The Kia Soul and Honda Fit are both boxy small cars with remarkable interior space. The Soul is a style-first urban warrior whose attraction lies in its practicality and cheeky character. The smaller Fit sits at the top of the economy car segment, with a supremely flexible interior and combined EPA fuel-efficiency rating of 36 mpg.
Even small passenger cars are now giving way to miniature crossover SUVs, but which of these two practical small cars suits you best?
The Soul's 6.8 overall score is higher than the 6.0 awarded to the Fit. Even by our own numbers, we're convinced the race is closer than that—many of our editors still like the Fit over the Soul. Consider the Soul the automotive equivalent of Gonzaga men's basketball—they turn up for the tournaments and manage to surprise us all. (Read more about how we rate cars.)
Now in its second generation, the Soul's boxy profile is distinctive and appealing. The design has a blunt front end, with a roof that "floats" over a blacked-out greenhouse. The rear end is dominated by tall tail lamps, with bug-eye headlights up front. Somehow it all works, and the Soul capitalizes on the silhouette by offering a lot of space for people and cargo. It's less funky inside, with grown-up soft-touch materials, as well as some extras like ambient lighting.
The Fit is a more conventional small, tall five-door car with body creases and other design tricks to hide its boxy, almost wagon-like shape. But it somehow comes across as cheerful, almost perky, unlike more sedate small cars that attempt to ape larger models. Its interior is more stylized than that of the new Civic, and mostly composed of gray and black plastics. A large circular molding around the speedometer in the instrument cluster is unusual, and the central display or touchscreen is slightly canted toward the driver.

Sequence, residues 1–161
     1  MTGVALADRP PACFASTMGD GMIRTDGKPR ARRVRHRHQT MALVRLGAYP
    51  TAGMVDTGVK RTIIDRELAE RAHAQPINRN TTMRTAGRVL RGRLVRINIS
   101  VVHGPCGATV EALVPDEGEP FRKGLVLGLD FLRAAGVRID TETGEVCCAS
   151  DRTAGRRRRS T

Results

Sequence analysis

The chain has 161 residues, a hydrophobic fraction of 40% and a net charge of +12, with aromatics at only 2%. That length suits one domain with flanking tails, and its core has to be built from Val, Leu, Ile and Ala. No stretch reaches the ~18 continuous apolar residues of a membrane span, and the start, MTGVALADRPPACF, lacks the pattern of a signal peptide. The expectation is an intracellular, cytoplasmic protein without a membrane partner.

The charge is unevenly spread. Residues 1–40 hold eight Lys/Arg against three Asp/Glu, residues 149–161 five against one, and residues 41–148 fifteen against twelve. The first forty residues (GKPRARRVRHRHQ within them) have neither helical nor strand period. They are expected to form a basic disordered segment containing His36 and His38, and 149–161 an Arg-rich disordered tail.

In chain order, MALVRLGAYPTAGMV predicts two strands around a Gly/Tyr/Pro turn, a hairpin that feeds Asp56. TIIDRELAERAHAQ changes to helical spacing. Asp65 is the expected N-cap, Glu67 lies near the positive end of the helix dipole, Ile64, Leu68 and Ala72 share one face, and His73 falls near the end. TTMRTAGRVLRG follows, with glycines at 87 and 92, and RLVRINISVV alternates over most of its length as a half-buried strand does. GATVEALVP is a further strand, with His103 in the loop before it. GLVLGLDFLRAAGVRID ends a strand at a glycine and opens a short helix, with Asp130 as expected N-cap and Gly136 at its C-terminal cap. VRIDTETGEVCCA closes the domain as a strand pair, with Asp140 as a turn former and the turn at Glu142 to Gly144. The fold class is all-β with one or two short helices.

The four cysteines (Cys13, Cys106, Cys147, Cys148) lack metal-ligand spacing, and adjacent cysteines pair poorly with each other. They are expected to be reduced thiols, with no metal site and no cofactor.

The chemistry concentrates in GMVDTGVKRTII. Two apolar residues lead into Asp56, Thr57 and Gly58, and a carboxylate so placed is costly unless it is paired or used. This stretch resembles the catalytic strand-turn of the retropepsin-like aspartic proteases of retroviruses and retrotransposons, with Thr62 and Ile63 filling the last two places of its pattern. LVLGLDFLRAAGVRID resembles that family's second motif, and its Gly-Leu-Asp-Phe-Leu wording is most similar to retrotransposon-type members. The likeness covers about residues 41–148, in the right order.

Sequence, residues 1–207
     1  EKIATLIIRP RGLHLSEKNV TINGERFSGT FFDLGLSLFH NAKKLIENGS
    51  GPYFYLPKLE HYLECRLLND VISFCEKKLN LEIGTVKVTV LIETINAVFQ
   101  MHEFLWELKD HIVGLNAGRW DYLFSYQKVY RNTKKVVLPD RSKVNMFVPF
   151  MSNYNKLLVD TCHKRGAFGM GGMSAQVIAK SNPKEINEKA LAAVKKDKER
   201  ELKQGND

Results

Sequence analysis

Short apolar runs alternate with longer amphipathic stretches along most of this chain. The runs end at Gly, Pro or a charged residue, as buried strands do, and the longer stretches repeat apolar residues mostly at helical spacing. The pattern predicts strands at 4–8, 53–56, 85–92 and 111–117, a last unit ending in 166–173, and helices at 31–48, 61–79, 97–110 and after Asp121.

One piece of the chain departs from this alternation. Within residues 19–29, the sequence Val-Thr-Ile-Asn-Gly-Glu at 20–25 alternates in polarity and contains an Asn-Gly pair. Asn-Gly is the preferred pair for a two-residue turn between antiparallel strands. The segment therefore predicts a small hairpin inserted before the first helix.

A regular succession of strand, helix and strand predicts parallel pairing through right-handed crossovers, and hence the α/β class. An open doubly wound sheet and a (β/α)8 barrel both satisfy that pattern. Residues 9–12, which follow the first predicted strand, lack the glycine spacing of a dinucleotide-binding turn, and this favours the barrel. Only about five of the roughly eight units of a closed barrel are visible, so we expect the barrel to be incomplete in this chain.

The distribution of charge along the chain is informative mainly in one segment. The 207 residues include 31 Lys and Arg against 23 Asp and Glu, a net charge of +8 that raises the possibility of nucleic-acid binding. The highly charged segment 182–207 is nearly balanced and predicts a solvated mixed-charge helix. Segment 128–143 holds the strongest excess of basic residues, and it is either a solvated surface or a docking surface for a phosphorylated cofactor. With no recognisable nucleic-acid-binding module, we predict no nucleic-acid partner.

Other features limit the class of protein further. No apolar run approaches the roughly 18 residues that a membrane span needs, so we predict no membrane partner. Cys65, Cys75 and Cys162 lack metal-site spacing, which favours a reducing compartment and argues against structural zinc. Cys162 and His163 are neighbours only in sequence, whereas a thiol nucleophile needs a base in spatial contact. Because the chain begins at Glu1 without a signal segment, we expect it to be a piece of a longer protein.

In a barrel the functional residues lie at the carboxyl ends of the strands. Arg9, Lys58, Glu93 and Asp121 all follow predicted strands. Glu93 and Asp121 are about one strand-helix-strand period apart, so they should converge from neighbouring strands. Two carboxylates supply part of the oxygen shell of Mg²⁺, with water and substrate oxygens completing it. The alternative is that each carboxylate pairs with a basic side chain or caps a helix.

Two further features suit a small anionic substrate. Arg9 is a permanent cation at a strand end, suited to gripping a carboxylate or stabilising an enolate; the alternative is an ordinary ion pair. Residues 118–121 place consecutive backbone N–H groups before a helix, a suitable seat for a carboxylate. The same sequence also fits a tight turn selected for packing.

Soul vs. Fit: performance
The Kia Soul comes with a choice of three engines, but we don't recommend the base 1.6-liter inline-4, with an output of just 130 horsepower, unless you’re getting the 6-speed manual gearbox. A 6-speed automatic is optional. A more powerful 164-hp 2.0-liter, inline-4 comes only with the automatic and a 201-hp turbo-4 comes with a 7-speed dual-clutch automatic. Unusually, the larger engine gets better EPA fuel efficiency ratings: 1.6-liter turbo-4 models are rated at 26 mpg city, 31 highway, 28 combined, while the 2.0 versions come in at 25/30/27 mpg. The Soul isn't particularly sporty, but it's quick enough with the larger engine—although tall gearing means frequent downshifts on the highway, and the transmission can hunt on long grades.
The Honda Fit has only a single engine, a 130-hp 1.5-liter inline-4 with a 6-speed manual gearbox as standard. Most Fit buyers order the continuously variable transmission (CVT) that does far better on fuel efficiency, at 33/41/36 mpg. That puts the Honda at the head of its class in EPA ratings. It's done a decent job of making the CVT tolerable, and the Fit suppresses most exterior noise fairly well even at speeds well above any U.S. speed limit. Ride is well-controlled, but the body leans on cornering.